Are unfamiliar names an impediment to college and work success In an short essay of 2-3 pages, write

Are unfamiliar names an impediment to college and work success

In an short essay of 2-3 pages, write a literary summary on the “name” topic.

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Please use the examples from these two readers

Just kinda summarize the ideas in these two  articles with the theme like

“A name is not only a sign to represent a person, but also can reveal the cultural background, gender, his parents’ expectation etc. It will probably affect a person’s whole life”

Here’s another long article from the book”freakonomics”…but I think it is too long for you to read..and it takes time:D If you need this resource, I will post it.

So here’s an sample essay that you can read through….please help me write this short summary in this format, you can use the ideas and examples in this essay, but you need to paraphrase it ! especially those cited source. And you can change the order of the sub-points.

If you have any further questions, please feel free to lemme know.

What’s in a Name? A Job!

Are unfamiliar names an impediment to college and work success?

Published on May 11, 2012 in Pyschology Today

This post was written by Claire Liu, a Williams College sophomore psychology and art history major from New York. This is the third in a series of student essays.

College acceptance week was difficult for me; I opened many envelopes that made my heart sink, only to encounter a classmate proudly sporting his or her new sweatshirt of the college the next day. As the rejections piled up, I sometimes wondered if anything had specifically set me back. I share this story not to complain about my own experience, but to suggest a set of psychology phenomena that may play a significant role in impression formation.

Colleges do not require applicants to reveal their race or ethnicity, but for me, and for many other college hopefuls, the of our ethnicity was made apparent from the very first piece of information that was required: our names.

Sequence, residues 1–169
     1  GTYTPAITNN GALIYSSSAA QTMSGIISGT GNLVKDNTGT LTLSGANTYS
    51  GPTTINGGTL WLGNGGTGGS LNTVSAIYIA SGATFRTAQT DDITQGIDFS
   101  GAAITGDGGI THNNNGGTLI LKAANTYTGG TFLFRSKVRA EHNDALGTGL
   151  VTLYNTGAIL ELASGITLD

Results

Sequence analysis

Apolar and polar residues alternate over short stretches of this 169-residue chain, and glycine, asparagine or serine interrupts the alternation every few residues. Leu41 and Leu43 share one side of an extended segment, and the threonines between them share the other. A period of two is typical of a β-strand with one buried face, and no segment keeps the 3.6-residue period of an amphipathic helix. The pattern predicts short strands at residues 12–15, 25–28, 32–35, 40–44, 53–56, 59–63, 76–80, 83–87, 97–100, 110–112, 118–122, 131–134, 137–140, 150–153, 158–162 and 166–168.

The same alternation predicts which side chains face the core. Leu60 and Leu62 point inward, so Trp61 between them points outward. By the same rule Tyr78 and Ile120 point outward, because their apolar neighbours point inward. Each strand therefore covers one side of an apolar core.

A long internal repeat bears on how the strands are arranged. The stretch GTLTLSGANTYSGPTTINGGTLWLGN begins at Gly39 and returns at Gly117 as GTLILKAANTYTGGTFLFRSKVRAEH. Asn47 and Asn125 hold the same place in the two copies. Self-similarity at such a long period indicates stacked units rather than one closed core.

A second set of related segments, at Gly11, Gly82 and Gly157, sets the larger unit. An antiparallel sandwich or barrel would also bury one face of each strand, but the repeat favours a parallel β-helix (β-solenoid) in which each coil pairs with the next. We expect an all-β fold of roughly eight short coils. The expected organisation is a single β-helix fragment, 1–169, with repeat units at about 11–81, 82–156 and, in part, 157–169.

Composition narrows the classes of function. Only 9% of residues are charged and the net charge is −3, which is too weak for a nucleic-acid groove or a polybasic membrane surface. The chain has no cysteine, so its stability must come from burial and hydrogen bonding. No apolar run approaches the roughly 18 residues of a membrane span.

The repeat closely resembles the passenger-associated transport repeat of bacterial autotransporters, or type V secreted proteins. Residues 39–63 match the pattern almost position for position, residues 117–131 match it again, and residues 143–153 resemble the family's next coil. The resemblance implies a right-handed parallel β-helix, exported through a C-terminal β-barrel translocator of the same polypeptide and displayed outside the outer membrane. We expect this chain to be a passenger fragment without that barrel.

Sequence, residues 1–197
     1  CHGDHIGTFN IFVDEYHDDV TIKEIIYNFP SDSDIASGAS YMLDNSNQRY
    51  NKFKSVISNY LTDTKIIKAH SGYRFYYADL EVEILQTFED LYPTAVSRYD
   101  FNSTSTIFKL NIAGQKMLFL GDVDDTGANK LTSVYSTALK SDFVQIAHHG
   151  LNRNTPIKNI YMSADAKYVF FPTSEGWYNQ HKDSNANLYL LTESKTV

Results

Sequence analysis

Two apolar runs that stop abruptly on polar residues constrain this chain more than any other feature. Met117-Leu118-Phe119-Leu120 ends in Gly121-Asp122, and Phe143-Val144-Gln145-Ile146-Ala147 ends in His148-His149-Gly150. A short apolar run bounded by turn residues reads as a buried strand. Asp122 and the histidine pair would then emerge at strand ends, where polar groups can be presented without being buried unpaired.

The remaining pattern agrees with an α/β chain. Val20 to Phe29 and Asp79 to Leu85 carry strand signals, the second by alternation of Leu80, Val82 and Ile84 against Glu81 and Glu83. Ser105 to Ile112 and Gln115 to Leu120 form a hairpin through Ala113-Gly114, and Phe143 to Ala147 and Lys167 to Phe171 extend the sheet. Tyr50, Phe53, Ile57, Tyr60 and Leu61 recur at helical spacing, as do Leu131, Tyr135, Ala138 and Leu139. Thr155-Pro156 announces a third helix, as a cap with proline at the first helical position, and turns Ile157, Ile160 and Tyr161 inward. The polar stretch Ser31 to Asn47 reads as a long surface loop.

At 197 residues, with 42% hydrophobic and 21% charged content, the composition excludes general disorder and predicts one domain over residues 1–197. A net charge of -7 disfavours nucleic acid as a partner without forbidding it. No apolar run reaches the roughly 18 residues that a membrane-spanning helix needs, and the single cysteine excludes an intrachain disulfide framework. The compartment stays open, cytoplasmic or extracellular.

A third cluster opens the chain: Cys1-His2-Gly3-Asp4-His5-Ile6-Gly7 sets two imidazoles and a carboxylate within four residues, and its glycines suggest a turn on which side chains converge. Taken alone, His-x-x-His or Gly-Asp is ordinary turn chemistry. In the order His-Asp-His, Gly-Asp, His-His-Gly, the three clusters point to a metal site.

Names provide a wealth of information. They offer cues to identifying an individual’s , ethnicity, and class, among other features. A University of Chicago study by showed that some names can serve as an impediment to economic success. The field experiment they conducted randomly assigned either African American sounding names such as DeShawn or Shanice or white sounding names like Cody and Caitlin to resumes responding to help-wanted ads in Boston and Chicago (). Black names were 50 percent less likely to elicit a callback than white names with comparable resumes. Furthermore, improvements in credentials caused a 30 percent increase in the likelihood of eliciting a callback for white sounding names, but only 9 percent for black sounding names.

may be responsible for these findings, but there’s another scientific explanation as well: . The , accounting for the “positive affective state” attributed to stimuli with high fluency. One subtype of processing fluency is phonological fluency—how easy it is pronounce a word.

A new study indicates that name pronunciation may influence the formation of impressions; called this the “name-pronunciation effect”. They suggested, “…easy-to-pronounce names (and their bearers) are judged more positively than difficult-pronounce names.” This finding is not specifically about race; people like Mr. Smith more than Mr. Colquhoun. Essentially, we’re inclined to like people with familiar names. They get a head start, in life as well as in the college and professional application process.

Fluency helps explain the Bertrand and Mullainathan (2004) findings: White names may be more fluent, to some application reviewers, than black names. Outright racial bias may have played a role as well.

Through my four years at a predominantly white high school, few people were able to pronounce the combination of the three letters that make up my last name. Looking back, my college application experience is just another remote series of obstacles of the past, and I’m lucky that it brought me to Williams. But do others also get that lucky? The name-pronunciation effect makes it evident that processing fluency can determine which direction an initial impression goes. The question, however, remains: is it a result of fundamental human cognitive processes, or a window into racial biases?

 

………………………Answer   preview…………………….

“A name is not only a sign to represent a person, but also can reveal the cultural background, gender, his parents’ expectation etc. It will probably affect a person’s whole life”
It is beyond doubt that a name reveals an individual’s culture, ethnicity, race or even religion. Parents name their children with an aim of making them unique or encouraging them in life by naming them after famous individuals……………….

APA

580 words

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